Georgia’s average premium for insurance through the Affordable Care Act exchange is the second-lowest among the 36 states using the federally run marketplace, according to a report released Wednesday.
Georgians who qualified for subsidies or discounts for coverage are paying an average of $54 per month, the report said. Their average premium is $341, but they also get the immediate subsidy or tax credit of $287.
Only Mississippi, with an average premium of $23 a month, is lower.
Nationally, the consumers who selected silver plans, the most popular plan type in the federal exchange, are paying an average premium of $69 per month, counting the tax credits. Georgians picking silver plans pay an average of $39 a month.
The low premiums in Georgia may be largely due to a high number of purchasers having low incomes – and thus are getting substantial subsidies to afford coverage, said Bill Custer, a health insurance expert at Georgia State University. He pointed to the fact that the average premium in Georgia of $341 is just $5 a month lower than the U.S. average. full story
UnitedHealthcare says it’s considering offering health plans in Georgia’s insurance exchange for 2015.
The giant insurer’s potential entry into the state’s exchange could increase competition in terms of premiums and choice of medical providers.
State exchanges, required under the Affordable Care Act, are designed to help consumers find and purchase health coverage. They can be run by either the individual state or the federal government. Georgia, like most other states, has opted for federal administration.
Last year, just five health insurers offered plans in the Georgia exchange. They were Blue Cross and Blue Shield of Georgia, Kaiser Foundation Health Plan, Humana, Alliant, and Peach State.
Minnesota-based UnitedHealth sells health plans in just five exchanges now, but its executives previously have said they expected to expand their offerings in 2015, Bloomberg News recently reported. full story
Four hospitals have closed in the past two years. Many areas can’t attract doctors, or have trouble keeping the ones they have. Some counties are without a hospital or other critical health services.
Rep. Terry England
Those rural health care problems in Georgia were among the issues discussed at the initial meeting Monday of the Rural Hospital Stabilization Committee, recently appointed by Gov. Nathan Deal.
The panel was created to identify the needs of rural facilities and offer potential solutions. Members include hospital leaders, physicians and state lawmakers.
“The task is not going to be an easy one,’’ said state Rep. Terry England (R-Auburn), a panel member who chairs the powerful House Appropriations Committee. “We’re open to a lot of different ideas and solutions.”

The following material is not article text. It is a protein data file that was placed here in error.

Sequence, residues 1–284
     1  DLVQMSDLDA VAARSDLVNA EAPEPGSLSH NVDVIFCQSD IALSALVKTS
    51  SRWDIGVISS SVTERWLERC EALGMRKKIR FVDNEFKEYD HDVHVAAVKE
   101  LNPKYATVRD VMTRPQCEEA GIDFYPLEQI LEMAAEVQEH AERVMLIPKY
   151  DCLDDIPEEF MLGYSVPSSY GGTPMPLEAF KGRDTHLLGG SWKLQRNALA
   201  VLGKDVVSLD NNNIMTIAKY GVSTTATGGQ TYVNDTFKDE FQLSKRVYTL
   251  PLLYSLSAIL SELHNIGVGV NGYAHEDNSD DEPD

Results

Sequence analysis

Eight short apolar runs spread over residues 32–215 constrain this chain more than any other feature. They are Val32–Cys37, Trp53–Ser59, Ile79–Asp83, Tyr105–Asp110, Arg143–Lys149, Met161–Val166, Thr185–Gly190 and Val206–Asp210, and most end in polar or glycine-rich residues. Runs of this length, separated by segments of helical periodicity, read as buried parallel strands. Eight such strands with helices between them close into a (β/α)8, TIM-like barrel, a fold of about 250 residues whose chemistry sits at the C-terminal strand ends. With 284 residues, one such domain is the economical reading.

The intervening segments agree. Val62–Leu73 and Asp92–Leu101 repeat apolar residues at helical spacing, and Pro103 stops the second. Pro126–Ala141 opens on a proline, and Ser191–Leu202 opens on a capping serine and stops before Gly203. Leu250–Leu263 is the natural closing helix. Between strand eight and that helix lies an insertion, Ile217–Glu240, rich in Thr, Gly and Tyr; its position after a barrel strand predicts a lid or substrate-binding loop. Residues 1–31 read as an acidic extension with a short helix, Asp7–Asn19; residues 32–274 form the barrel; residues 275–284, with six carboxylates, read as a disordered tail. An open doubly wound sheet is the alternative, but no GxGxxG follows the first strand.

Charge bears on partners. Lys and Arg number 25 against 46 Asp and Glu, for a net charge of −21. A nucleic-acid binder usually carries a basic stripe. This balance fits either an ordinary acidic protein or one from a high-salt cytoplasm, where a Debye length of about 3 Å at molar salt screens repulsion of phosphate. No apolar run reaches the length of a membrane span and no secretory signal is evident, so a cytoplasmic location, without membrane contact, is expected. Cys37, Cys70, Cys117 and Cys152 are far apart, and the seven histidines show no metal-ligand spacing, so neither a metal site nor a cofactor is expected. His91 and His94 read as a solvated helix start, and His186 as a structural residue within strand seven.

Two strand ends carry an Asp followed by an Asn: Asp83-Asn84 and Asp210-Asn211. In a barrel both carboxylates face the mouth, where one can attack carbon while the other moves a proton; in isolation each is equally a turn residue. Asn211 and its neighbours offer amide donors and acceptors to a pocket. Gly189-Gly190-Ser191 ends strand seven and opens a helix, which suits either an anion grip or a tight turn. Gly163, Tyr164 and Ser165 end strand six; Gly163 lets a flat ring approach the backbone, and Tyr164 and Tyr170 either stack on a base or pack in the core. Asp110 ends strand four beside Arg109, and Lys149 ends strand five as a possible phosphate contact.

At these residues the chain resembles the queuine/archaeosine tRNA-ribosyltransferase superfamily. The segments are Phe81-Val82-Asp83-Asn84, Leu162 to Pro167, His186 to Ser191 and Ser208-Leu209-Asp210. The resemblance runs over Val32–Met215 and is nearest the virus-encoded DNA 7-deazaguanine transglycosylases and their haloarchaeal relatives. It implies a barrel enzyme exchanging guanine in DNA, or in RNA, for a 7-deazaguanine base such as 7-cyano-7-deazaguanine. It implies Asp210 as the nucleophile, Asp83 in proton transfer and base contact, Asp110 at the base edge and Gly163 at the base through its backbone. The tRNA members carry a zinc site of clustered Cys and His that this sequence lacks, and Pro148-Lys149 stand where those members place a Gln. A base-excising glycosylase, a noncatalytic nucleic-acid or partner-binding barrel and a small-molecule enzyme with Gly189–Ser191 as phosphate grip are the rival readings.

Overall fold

Possible remedies include a new initiative for a financially troubled hospital to downsize into a freestanding rural emergency department.
One strategy that went without much discussion was expanding the state’s Medicaid program. full story
Earlier this month, a consulting firm reported that Georgia’s Medicaid and PeachCare programs saw a huge enrollment spike of 98,800 in the first three months of 2014.
Avalere Health said the rise in beneficiaries for Georgia and 16 other states that have not expanded their Medicaid programs was due largely to the “woodwork effect.’’
That’s when increased outreach sparked by the Affordable Care Act encourages individuals who were already eligible but not enrolled in Medicaid to “come out of the woodwork’’ and sign up for it.
Georgia recorded the biggest enrollment increase among the 17 states from January through March, Avalere reported.
But the Georgia Department of Community Health, responding to a GHN request, has released a much lower enrollment increase for the first three months this year: 37,047. full story
With crowded, high-profile contests for a U.S. Senate seat and the governorship, most Georgia voters are not focused on who’s running for the state insurance commissioner post.
The party primaries are May 20, but early in-person voting began on April 28. Once the nominees are chosen, the insurance commissioner race is expected to attract more voter interest. The general election is set for Nov. 4.
Ralph Hudgens is the incumbent commissioner and is running unopposed on the Republican ballot. Keith Heard and Elizabeth (Liz) Johnson – two longtime insurance agents – are competing for the Democratic nomination.
Now that the Affordable Care Act, also known as Obamacare, has made health coverage a hot political issue, both Democratic contenders are emphasizing their firsthand insurance experience as a key qualification for the state position.
But Hudgens said he doesn’t believe such experience makes the two challengers qualified. “Being an insurance agent really is not important,” Hudgens told Georgia Health News in an interview. In his view, the insurance commissioner position is “about knowing how to be an administrator.” full story